6 This manual has been written for a right-handed person. Preparation Safety guidelines The small size of microbes and the consequent need to deal with cultures that contain many millions of microbial cells require special procedures for their safe use. Activities involving micro-organisms are controlled by the Control of Substances Hazardous to Health (COSHH) Regulations and teachers and technicians have a duty under the Health and Safety at Work Act to comply with any safety instructions given by their employers. These include using model risk assessments for which it is necessary to refer to appropriate publications such as CLEAPSS Laboratory Handbook (2006), section , Topics in Safety, 3rd edition (ASE, 2001), Microbiology : an HMI Guide (DES, 1990) and Safety in Science Education (DfEE, 1996).
7 The guidelines are straightforward and largely common sense and, as such, are not an obstacle to conducting interesting microbiological investigations in a school laboratory. Planning ahead is essential when embarking on Practical Microbiology investigations. There are five areas for consideration. Preparation and sterilisation of equipment and culture media. Preparation of microbial cultures as stock culture for future investigations and inoculum for the current investigation. Inoculation of the media with the prepared culture. Incubation of cultures and sampling during growth. Sterilisation and safe disposal of all cultures and decontamination of all contaminated equipment.
8 [Appendix 1: Safety guidelines] [Appendix 3: Safety resources]. Basic Practical Microbiology A Manual 2006 SGM 1. Basic Pract Book 2006 2/11/06 11:17 am Page 2. Risk assessment A full risk assessment must be carried out before embarking on any Practical microbiological investigation. For model risk assessments, adaptations to model risk assessments and factors which need to be considered when contemplating carrying out Practical work that is not covered by a model risk assessment, see CLEAPSS Laboratory Handbook (revised 2001), section and CLEAPSS Guide L169, Managing Risk Assessment in Science 1997. Factors to be considered in risk assessment Factor Relevance Level of Practical work Degree of risk of microbial culture; expertise of teacher; age range of [Level 1, Level 2, Level 3, Topics in Safety, students 3rd edition (ASE, 2001), Topic 15; or Appendix 1: Safety guidelines].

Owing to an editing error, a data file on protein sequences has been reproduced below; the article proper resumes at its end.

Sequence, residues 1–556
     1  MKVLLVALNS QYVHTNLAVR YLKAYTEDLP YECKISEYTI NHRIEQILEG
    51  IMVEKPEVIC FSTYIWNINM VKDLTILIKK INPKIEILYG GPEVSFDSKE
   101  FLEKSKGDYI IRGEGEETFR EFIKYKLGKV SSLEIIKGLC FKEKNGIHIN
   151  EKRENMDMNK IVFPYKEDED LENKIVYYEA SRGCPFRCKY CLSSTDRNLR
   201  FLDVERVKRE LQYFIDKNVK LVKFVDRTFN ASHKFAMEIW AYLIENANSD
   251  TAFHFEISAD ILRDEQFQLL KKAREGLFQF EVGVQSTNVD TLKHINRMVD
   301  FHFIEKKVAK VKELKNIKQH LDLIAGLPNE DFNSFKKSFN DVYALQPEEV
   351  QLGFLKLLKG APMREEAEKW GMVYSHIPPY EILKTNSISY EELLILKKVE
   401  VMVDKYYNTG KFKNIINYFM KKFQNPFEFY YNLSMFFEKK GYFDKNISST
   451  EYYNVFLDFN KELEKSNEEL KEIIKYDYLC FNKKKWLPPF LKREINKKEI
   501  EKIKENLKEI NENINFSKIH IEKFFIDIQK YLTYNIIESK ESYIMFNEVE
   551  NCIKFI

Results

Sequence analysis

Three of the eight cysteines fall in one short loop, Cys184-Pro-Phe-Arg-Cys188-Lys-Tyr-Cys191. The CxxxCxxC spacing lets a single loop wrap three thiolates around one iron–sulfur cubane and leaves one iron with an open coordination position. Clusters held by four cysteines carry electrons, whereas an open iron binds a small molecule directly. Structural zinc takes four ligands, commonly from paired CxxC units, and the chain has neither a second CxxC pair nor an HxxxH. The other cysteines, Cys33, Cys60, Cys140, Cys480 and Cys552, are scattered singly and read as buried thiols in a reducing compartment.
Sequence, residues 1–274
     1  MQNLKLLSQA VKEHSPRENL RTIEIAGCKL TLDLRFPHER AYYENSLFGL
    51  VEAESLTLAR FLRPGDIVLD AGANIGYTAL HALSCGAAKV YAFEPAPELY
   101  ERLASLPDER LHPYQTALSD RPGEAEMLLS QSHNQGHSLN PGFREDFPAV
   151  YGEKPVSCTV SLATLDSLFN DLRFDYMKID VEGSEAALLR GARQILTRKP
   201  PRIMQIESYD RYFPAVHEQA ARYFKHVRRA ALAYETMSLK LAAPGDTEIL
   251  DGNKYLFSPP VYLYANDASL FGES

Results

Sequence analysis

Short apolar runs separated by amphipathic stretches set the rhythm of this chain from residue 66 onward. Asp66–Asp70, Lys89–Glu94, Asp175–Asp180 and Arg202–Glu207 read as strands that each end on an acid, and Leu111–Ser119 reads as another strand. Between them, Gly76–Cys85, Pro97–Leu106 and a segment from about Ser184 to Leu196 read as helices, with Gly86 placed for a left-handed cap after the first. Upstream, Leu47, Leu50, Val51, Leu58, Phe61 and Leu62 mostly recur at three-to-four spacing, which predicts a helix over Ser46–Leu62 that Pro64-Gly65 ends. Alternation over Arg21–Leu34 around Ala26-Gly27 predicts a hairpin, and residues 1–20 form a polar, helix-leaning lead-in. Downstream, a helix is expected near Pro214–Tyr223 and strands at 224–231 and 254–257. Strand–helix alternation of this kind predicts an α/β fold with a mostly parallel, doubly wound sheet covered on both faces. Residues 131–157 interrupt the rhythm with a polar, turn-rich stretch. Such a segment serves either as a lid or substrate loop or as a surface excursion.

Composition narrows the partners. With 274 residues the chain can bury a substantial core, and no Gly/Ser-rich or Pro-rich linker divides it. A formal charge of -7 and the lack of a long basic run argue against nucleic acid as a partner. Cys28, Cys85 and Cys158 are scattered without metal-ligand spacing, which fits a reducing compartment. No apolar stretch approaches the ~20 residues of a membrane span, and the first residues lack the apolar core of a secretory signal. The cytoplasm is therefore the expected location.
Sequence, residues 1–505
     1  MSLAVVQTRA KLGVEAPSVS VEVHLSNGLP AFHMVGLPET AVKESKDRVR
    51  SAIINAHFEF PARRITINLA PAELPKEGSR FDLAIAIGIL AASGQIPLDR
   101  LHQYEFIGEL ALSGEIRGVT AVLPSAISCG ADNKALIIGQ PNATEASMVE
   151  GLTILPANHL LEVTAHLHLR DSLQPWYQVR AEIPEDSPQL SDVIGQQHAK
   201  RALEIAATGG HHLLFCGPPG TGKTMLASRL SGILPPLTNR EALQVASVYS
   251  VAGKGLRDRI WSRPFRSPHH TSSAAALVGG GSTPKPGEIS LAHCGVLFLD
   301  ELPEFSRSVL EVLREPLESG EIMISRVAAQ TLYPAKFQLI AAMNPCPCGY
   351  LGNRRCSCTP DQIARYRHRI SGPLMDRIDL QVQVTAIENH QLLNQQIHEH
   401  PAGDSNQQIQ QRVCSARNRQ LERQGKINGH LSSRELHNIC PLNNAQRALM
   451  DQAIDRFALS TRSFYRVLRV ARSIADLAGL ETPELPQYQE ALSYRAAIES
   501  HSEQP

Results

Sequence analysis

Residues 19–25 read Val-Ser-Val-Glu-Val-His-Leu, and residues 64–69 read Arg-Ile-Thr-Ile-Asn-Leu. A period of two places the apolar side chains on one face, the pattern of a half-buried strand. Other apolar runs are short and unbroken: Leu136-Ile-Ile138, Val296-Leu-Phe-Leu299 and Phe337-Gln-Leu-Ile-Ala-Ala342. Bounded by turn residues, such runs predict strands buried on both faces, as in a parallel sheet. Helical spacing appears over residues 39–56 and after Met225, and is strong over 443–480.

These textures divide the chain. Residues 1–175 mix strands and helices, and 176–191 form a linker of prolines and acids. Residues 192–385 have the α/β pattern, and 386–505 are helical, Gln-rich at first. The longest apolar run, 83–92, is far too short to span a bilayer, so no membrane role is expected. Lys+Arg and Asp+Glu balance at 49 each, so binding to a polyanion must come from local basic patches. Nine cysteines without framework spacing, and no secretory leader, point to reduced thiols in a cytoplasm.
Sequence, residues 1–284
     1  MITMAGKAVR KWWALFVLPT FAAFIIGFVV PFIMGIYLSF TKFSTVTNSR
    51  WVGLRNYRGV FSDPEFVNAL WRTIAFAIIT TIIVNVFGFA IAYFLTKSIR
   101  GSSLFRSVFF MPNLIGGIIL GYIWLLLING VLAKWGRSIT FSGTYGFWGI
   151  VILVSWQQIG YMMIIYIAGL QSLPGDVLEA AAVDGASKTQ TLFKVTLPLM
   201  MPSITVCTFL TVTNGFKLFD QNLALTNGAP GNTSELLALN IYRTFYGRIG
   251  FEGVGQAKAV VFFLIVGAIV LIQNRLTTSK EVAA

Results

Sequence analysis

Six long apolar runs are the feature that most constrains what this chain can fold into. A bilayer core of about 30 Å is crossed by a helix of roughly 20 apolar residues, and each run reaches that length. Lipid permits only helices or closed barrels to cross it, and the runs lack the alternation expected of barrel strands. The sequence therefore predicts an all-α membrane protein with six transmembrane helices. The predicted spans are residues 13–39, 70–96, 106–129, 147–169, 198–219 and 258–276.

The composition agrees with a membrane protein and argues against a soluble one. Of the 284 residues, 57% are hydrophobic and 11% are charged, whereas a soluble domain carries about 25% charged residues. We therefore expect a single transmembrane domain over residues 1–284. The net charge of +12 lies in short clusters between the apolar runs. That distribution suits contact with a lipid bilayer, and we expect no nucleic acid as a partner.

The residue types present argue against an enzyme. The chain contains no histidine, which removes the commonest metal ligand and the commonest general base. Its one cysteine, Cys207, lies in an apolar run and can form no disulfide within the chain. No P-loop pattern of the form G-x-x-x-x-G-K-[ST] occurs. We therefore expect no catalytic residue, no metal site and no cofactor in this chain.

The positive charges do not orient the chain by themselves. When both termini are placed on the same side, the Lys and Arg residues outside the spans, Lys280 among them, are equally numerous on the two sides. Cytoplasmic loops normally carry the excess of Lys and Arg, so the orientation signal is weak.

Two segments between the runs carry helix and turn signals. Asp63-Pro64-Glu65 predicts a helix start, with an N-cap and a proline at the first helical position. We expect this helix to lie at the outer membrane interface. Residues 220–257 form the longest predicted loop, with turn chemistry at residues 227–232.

9 Choice of micro-organisms (ACDP Hazard Present minimum risk; refer to list of suitable cultures Group 1). Source of cultures Reputable specialist supplier or approved environmental sample Type of investigations/activities Adequate containment of cultures; class Practical work vs. teacher demonstration Composition of culture media Possibility of selecting for growth of pathogens Volume of cultures Increased risk with increase in volume of liquid culture Laboratory facilities Suitability for level of Practical microbiological work Equipment Adequate for purpose Incubation conditions Possibility of selecting for growth of pathogens Disposal procedures Ensures elimination of risk to others Expertise of technicians and teachers Competence and level of training in techniques and procedures appropriate to level of Practical work Student age and discipline Appropriate to level of Practical work.
10 Confidence in class discipline Sources of competent advice ASE*, CLEAPSS*, MISAC, NCBE, SSERC* (*members only). Useful check list CLEAPSS Laboratory Handbook (2006), section or Topics in Safety, 2nd edition (ASE, 1988), pp. 34 37. Essential reference Topics in Safety, 3rd edition (ASE, 2001), Topic 15 or CLEAPSS Laboratory Handbook (2006), section or Appendix 1: Safety guidelines Key to abbreviations: ACDP, Advisory Committee on Dangerous Pathogens; ASE, Association for Science Education;. MISAC, Microbiology in Schools Advisory Committee; NCBE, National Centre for Biotechnology Education; SSERC, Scottish Schools Equipment Research Centre. [Appendix 1: Safety guidelines]. [Appendix 2: Safe micro-organisms].